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s someone who used to work in the NHS, was my grandmother’s carer and saw my parents’ difficulties accessing the services they needed as their health deteriorated, I feel strongly that discrimination against older people needs tackling urgently. Nearly one in six people in Britain are over the retirement age, that’s 11 million men and women, who are making, and have made, a vital contribution to our society, our communities and families, but who are too often denied what is rightfully theirs.

Government is looking to close the remaining gaps in the law, to make sure that older people cannot be discriminated against by any providers of goods or services. For example, 1 in 5 older people are refused car or travel insurance, not because of their personal health or financial status, but because they are deemed ‘too old’ by the insurers. This makes going on holiday or hiring a car either impossible or much too expensive for too many people. The new law would demand that each individual is assessed in their own merits.

The Government is now taking a new law through Parliament, the Equalities Bill, which will outlaw discrimination against older people for good. Parliament recently outlawed age discrimination in the workplace in 2006, so that people could not lose their job, have their contracts changed or pay reduced on the basis of their age. Now the

Likewise, public services, which many older people rely on, will have to comply. Your local NHS doctors, for instance, will have to give the same care and attention to an older person that they would for a much younger person with the same condition. This is about putting fairness into action, and the peace of mind and dignity of knowing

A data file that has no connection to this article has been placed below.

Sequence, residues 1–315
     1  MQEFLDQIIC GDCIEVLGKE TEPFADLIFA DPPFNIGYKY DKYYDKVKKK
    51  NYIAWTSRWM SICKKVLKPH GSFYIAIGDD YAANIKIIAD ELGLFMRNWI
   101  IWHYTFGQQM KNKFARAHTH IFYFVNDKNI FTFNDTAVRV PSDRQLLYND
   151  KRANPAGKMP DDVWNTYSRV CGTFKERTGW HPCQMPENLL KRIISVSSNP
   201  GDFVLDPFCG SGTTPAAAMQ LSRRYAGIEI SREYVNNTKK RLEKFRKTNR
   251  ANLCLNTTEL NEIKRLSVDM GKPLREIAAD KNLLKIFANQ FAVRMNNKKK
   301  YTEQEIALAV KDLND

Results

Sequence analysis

you’ll be treated equally. The law also includes special provisions to ensure that disabled older people are given extra protection, and for the first time, it will be illegal for anyone to discriminate against a carer, a friend or family member looking after an older person. The purpose of the new law is to make sure nobody is given special treatment, rather that everyone gets a fair deal, and surely that is what we all want? There is plenty else that needs to be done to ensure services are of the quality that we all want to see, but this legislation is an important step forward in ensuring that what is available is delivered fairly.

Sheila Schaffer 1927 – 2009 Sheila, our friend and colleague, died on December 30th last year from leukaemia. She was 82 and all her life had campaigned for equalities, peace and justice. As a Councillor she had represented Hanover Ward and was Mayor from 1995 to 1996. But above all, she was an active campaigner. Her house in Pelham Square was a centre for meetings and committees, which she welcomed with great generosity. This was all part of her work for the United Nations Association and the Labour Party. She was tireless too, in her support for pensioners and she founded the Pensioners’ Association. I remember her especially on the Great Dieppe Trips, where she would cycle with her friend Joyce through the Normandy countryside. I also accompanied them both in 2003 to London for the massive 1.5 million strong demonstration against a war in Iraq. Professionally Sheila had been a librarian and it was fitting that a memorial service was held at the Sussex University Meeting House on January 26th to celebrate her life and work. 200 people attended and we ended by singing ‘The Red Flag’. She will be sadly missed but her greatest memorial would be to carry on work for the good causes she championed in life. Francis Tonks